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Saturday, July 21, 2018

Save these Scenes

These indie films,which left theatres before you could say multiplex,are worth a watch

Written by Shubhra Gupta | Published: August 15, 2009 1:01:12 pm

Too often,films that we really,really want to see leave theatres much too soon: Sankat City is out on DVD just four weeks after its release,perhaps the speediest transfer from film to disc,yet.

This is not the Mumbai of Marine Drive and Malabar Hill. Pankaj Advani’s characters are nowhere people — car thieves,hoods,assassins,failed actors — trying to get a life. It’s not as if we haven’t seen them,or variants,before. But the director scores in the quirkiness he invests them with — Kay Kay Menon the gaadi chor loves fish,Veerendra Mishra the saffron-dhari godman likes flesh,dead or alive,Anupam Kher the mafia don talks with a strong Himachali lilt: everyone is whacky and whacked out. (Apart from Sankat City,you also get two other movies in what Moserbaer is calling a “super DVD” — the just out Jashnn,and any third recent film).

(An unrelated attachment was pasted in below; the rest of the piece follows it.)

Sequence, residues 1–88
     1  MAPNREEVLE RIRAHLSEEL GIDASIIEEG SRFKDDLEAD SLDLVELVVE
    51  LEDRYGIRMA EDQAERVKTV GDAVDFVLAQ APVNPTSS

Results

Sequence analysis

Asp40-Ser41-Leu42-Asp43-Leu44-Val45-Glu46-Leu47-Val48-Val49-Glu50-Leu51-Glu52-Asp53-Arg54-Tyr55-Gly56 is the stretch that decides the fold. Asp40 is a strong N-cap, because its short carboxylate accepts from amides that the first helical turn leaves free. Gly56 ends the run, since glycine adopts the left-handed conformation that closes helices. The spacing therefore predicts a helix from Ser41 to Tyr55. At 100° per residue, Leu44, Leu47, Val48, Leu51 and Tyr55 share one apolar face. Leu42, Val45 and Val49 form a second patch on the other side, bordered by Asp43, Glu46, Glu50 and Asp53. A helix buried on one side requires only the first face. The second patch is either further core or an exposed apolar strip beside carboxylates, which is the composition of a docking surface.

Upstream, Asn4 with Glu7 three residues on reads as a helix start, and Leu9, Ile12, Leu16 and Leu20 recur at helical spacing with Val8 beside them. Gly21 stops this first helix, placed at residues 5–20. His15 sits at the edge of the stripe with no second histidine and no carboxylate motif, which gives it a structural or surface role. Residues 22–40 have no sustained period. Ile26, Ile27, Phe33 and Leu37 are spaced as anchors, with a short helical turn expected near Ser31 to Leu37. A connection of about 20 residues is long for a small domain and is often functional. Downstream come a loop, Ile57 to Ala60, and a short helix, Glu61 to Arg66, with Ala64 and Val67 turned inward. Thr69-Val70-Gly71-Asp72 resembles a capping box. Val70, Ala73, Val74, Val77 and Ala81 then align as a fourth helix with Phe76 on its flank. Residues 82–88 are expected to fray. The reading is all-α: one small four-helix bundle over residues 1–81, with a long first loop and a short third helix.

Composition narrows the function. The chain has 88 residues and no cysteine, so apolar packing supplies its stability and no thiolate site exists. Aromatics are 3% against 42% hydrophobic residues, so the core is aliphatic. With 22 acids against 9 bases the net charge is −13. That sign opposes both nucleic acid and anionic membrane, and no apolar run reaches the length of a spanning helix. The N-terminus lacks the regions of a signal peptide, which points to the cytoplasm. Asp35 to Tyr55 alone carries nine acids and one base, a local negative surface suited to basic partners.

Our other pick of the week,Little Zizou,is also a keeper. Parsis in Hindi movies have always been given short shrift. Sooni Taraporevala’s debut feature,with Boman Irani and Sohrab Aradeshir,gives us a warm,intimate portrayal of her community. The mad bawas are here,so are the eccentric bawis,but they are creatures of flesh and blood. It’s the director’s backyard on film,the affection leavened by sharp observation and a delightful gallery of characters.

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